Reporting for Duty, Mam

We’d imagined decades ago that our army of bra-burning feministas had achieved rights for women that were unassailable, correcting a gender imbalance that had festered for centuries.

We have a vote. We get to shatter glass ceilings here and there, as long as we play by the rules. But we live in a country where abortion is banned and women prison inmates are sterilized without consent. Despite fifty+ years of re-stating that birth control is not just a “woman’s issue,” millions of women and girls cannot obtain a simple, effective method of preventing pregnancy without jeopardizing the chemistry of their entire bodies.

Prominent men believe it is their God-ordained right and duty to judge and harass women about the use of their reproductive gift. Rape is a weapon wielded in every community on the planet, often with impunity. Domestic abuse claims thousands of women’s lives and splinters the future of their children. We’ve not gotten far.

I’m on the lucky side of menopause, when neither a monthly choice of toxin-tainted, non-biodegradable “feminine products” nor an ill-timed pregnancy poses a threat to my equilibrium. My 35-year-old mind, however, cannot grasp the slow erosion of my decades-older body. I have succumbed in the war deftly prosecuted by gravity. My silver-white hair, that I happen to like and am too cheap constantly to ”restore” to its original chestnut brown, sometimes feels like public evidence that I have traveled tragically beyond the definition of useful in the Land of the Free.

The salve for this attrition is an evolving understanding of my own genius. I refer not to the high-IQ sort of genius, but the grace of knowing –  the wisdom to act on my purpose. I prefer to believe that my life is no accident. I’ve weathered the slaughter of every sacred cow I’d once naively admired – the largess of government, the virtue of the world’s purported governing body, the public service ethos of media – and wrestled my outrage into a serviceable toolkit.

Relative to the 700 million women and their children living in egregious poverty, I live a privileged life, as do most Americans who are not yet homeless. I resist the delusion, enforced by all the subliminally seductive media chatter, that our private lives present all the drama we need to know or care about.

The strategic plan is clear to me. I’ve laid it out in the mission of Women’s Centers International. We reach out to women least equipped with the tools – education, skills and access to capital – to fight for their futures. They’ve learned to survive in formidable environment – urban slums and refugee camps. We nurture and focus their resilience and ingenuity with a new toolkit for growth. It’s working at Baraka Center in Nairobi. It will work in every environment where women are challenged to the breaking point.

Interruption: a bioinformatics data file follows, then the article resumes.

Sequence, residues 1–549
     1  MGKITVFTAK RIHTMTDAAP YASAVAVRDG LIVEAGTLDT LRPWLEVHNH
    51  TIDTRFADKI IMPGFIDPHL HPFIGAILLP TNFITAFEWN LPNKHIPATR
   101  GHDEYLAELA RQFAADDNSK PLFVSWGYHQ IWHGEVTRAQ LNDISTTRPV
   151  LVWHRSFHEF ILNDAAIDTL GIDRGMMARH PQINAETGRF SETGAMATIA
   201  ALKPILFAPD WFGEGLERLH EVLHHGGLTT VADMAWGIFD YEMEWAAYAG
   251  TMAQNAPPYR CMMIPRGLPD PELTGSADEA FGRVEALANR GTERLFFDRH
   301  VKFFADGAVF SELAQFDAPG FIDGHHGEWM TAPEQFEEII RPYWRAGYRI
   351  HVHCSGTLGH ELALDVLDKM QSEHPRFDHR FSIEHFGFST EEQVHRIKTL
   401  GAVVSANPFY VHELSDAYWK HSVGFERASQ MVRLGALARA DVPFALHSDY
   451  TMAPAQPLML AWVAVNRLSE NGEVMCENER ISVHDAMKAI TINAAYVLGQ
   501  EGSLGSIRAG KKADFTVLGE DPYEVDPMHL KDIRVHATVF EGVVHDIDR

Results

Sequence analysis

The tactical maneuvers take shape as we deploy further afield.

For starters, I’d like to make a case for accurate language in women’s programs. Gender-Based Violence (GBV) crept in as a standard label for all things related to violence against women among the international aid community. What so-called ‘developed’ country uses such obfuscation of the real deal? We mean sexual violence.

Reproductive health – another cumbersome phrase. Contraception (including abortion), access to competent pre-natal care, and reduction of egregious rates of maternal mortality indeed represent vast battle lines in many cultures, including our own, but this phrase does no service to the broader issue of freedom from fear that is the daily reality of millions of females. ‘Body rights’ nails the point.

It’s easy but short sighted to regard men as the enemy. Many of the most malevolent warrior men surely deserve to be kicked to the curb in rush hour traffic. Still, we women have raised them. Many of their fathers have not. This remains the fundamental wound to heal.. Lots of territory must be re-charted and reclaimed. The question grows more urgent: How many women can rally? What sort of crew is on deck to steer the legacy of our era? 

Immobilized or Lost?

Why are we – as cultures and societies – so disinclined to pursue and so slow to deliver what is good for women?

Is a woman’s capacity to create a human so terrifying that we cannot rally ourselves to end the violence and diminishment that have characterized the circumstances of women for millennia? 

If men had the ability to gestate and deliver human babies, wouldn’t reproductive privilege be enshrined in our laws and institutions. Would there not be world class maternity care, generous parental leave, well subsidized, convenient, professional childcare.

Would not abortion be legal, easy to access, and  free?

Would not rape and domestic violence be treated as preventable, healable afflictions for perpetrator and survivor?

We denizens of half the sky are the answer. The rub is that too many of us are either caged by privilege (immobilized) or stranded in destitution (lost).  Both groups – and all the company living in between – can drive their own beautiful ripples into sea change.  We’ve got a job to do together.

Our contribution to the effort:  Women’s Centers International. Come ripple with us! Here’s how.

From Miriam A., Nairobi, Kenya